Two huge protest gatherings – or attempted gatherings – in the space of 15 days in the heart of Kuala Lumpur. Amazing! But what does this tell us? A few things, actually:
More and more Malaysians are casting off their fear of the repressive powers of the state. That was abundantly clear in the Bersih gathering calling for electoral reforms on 10 Nov, when 50,000 Malaysians converged in the heart of KL despite the warnings, the intimidation, the riot police and their water cannons…. and now 20,000-30,000 at the Hindraf demonstration.
In both gatherings, it appears that the majority of those who were determined to show up were the disempowered and the disenfranchised and the marginalised. In other words, those left out from the development process.
Positive GDP growth every year has not resulted in equitable development for all – rather, the wealth generated from economic growth has been concentrated in the hands of the upper class. To make matters worse, the system is now mired in corruption while affirmative action policies have not reached many of those who most need them.
Many appear to be retreating to a fundamentalist worldview of religion out of disillusionment with the oppressive state, a sense of loss of identity due to the pervasive, homogenising effect of global corporate culture, and dissatisfaction that the fruit of economic growth has not been equitably distributed. Real participatory democracy has not been tried and found to be wanting. It has not been tried at all!
Sadly, many Malaysians are still shackled by a communal world-view – largely due to years of being indoctrinated by a system of racial politics. They are still unable to extend their hands in solidarity with all those who are suffering, irrespective of ethnicity and religion. This was less evident in the Bersih gathering, which probably had a greater multi-ethnic representation (though the majority were Muslim-Malays). But in the Hindraf gathering, it appears that nearly all of those turning up were ethnic Indians/Hindus.
The marginalised Indians, Malays, the Penan, the Orang Asli, and the exploited migrant workers still find it difficult to find common cause with one another. We need to break free from the barriers that divide the oppressed in our country.
It is largely the poorer Indians who were likely to have been at the Hindraf gathering, just as it was largely Malays from the lower-income group that took part in the Bersih demonstration. Those at the Hindraf gathering may be unable to trace the roots of their own disillusionment and could be putting on the cloak of Hindu rights, finding solace in the security of their religion. In the same way, many poorer Malays, rebelling against a corrupt and exploitative system, are probably finding comfort in the embrace of conservative Islam.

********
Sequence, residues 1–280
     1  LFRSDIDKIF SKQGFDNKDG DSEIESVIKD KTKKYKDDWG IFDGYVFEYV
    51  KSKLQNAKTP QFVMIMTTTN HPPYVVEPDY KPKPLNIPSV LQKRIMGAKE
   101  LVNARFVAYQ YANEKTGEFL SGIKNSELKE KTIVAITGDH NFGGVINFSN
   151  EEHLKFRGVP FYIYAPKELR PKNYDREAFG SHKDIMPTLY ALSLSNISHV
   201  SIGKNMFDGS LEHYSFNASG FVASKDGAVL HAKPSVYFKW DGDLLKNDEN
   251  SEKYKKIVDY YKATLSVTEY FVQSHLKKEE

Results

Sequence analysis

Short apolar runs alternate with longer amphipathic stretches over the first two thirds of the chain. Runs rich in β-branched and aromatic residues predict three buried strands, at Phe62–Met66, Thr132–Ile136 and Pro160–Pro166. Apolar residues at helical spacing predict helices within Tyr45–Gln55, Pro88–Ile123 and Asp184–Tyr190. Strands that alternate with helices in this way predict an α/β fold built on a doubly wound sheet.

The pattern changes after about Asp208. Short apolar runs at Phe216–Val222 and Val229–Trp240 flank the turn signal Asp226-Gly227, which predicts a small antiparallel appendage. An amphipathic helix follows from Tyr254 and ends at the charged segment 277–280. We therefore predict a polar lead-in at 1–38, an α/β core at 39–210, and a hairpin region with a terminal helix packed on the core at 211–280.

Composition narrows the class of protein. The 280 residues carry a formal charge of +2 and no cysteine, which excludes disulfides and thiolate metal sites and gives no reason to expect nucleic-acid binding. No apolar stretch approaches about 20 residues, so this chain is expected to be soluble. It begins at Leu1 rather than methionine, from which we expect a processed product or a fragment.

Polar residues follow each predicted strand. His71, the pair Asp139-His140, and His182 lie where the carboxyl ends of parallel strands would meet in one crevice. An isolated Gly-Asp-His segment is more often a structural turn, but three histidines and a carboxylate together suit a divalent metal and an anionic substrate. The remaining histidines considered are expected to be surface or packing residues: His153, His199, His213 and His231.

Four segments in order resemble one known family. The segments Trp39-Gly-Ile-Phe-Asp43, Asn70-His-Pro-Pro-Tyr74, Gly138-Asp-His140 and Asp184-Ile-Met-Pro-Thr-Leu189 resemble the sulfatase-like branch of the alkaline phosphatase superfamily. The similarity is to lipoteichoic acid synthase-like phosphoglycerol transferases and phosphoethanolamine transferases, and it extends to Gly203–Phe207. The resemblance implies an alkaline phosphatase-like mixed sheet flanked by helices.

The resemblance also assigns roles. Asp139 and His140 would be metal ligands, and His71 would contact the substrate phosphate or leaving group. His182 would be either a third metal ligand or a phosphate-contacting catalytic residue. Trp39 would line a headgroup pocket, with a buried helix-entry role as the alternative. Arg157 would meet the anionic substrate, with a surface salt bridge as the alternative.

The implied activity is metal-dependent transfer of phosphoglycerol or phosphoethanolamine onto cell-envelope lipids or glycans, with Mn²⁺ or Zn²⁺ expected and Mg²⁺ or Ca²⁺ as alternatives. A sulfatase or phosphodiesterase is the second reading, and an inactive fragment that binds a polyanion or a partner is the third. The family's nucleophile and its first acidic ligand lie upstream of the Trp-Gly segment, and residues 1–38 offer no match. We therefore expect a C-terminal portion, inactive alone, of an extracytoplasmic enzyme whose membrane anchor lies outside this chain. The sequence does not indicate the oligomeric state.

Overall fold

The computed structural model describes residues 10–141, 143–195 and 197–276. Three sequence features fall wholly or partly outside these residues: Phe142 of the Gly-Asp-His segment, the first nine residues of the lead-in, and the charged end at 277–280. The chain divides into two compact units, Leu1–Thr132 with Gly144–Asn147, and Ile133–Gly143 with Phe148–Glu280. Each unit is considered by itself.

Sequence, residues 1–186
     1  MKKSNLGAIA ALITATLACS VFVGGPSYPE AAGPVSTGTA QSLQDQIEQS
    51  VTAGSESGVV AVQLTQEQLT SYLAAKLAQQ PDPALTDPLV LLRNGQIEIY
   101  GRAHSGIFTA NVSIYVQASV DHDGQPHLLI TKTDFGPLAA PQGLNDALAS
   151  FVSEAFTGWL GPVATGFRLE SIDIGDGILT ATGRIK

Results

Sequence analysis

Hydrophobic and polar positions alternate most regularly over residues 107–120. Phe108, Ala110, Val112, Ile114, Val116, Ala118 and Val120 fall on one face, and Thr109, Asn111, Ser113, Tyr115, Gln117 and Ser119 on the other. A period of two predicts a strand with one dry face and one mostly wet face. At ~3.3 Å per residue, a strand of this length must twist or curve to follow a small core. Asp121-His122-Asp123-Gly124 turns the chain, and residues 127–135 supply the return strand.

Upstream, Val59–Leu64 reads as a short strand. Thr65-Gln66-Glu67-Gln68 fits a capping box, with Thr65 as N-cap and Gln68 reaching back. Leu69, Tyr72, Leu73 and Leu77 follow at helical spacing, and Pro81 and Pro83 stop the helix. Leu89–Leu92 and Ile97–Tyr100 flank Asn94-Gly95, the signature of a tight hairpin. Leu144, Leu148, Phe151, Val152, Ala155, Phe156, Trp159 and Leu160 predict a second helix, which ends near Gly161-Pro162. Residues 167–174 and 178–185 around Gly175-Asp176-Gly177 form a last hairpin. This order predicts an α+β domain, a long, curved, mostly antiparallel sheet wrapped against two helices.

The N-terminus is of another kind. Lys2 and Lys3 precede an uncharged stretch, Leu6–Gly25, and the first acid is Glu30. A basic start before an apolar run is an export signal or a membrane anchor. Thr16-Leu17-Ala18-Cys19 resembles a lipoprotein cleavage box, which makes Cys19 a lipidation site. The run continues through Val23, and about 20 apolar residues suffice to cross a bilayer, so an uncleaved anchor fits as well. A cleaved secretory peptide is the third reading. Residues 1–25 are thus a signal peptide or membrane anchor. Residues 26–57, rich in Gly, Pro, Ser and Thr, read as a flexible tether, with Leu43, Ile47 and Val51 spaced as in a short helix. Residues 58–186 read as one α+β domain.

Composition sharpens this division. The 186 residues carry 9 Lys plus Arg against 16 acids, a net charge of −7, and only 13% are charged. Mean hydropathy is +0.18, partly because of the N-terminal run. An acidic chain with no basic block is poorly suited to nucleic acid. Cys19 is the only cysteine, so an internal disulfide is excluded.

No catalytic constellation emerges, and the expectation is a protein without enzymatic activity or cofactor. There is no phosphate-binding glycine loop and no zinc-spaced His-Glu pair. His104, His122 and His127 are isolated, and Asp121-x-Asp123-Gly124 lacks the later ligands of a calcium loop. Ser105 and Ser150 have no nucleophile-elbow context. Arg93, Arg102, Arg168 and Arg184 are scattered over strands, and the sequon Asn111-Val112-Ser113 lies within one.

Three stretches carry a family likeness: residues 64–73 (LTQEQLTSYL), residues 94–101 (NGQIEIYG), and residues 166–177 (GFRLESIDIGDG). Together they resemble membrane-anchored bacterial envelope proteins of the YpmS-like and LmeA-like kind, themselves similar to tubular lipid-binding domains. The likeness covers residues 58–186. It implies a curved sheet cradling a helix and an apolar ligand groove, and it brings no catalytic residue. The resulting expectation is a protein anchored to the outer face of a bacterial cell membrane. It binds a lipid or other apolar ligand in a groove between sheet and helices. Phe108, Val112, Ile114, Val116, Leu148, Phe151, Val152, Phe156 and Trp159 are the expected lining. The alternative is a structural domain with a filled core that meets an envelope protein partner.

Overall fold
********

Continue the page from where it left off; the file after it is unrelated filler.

Maybe a common ethnicity and a sense of being discriminated against – and now a shared experience of a perceived sense of persecution (the result of temple demolitions and controversial sharia-related cases) – has been more successful in rallying the Indians together. In a sense, this is a pity because it suggests we are still trapped in a world-view that perceives suffering and marginalisation through ethnic or religious lenses.
There are shortcomings in such a world-view. It ignores the exploitative nature of our economic system, in which a few (of all ethnic groups) with access to capital and connections lord it over the masses. For instance, why have richer Malays, Chinese, and Indians not showed up at these rallies? It is really because they have benefited from the system and they do not want to revamp something that has served them with wealth and position, titles and status, and the comforts of life.
The exploitative dimension of corporate-led globalisation, which has concentrated wealth in the hands of this small group, has driven many ordinary Malaysians to despair. The introduction of neo-liberal policies, the slashing of taxes for the rich along with the removal of subsidies for basic goods and services – education, health care, fuel, higher education – have all made life more stressful, not only for the lower-income group but increasingly the middle-class.
The suppression of local wages through a policy of importing migrant workers, the lack of a minimum wage, a weak trade union movement (only now coming to life), and racial and religious divisions have all meant that workers (of all ethnic groups) have been unable to achieve the critical mass needed to cast off the chains of exploitation that tie them down.
I believe what we are witnessing now is the awakening of the economically marginalised and disempowered who are rebelling against the system, which has seen Big Business profiting at the expense of the people. I doubt there were many wealthy Hindus/ethnic Indians from the posh neighbourhoods of, for instance, Damansara and Bangsar at the Hindraf protest today… just as you didn’t see the wealthy bumiputera elite at the Bersih gathering on 10 Nov.
Although it is heartening that the marginalised are stirring, it is important that we realise that their suffering cuts across ethnic barriers and has some common roots. Many have simply been pushed to the periphery by our model of development, which is relentlessly driven by Big Business tied closely to the vested interests of the political elite.
More Malaysians must wake up from their slumber – and join hands with one another!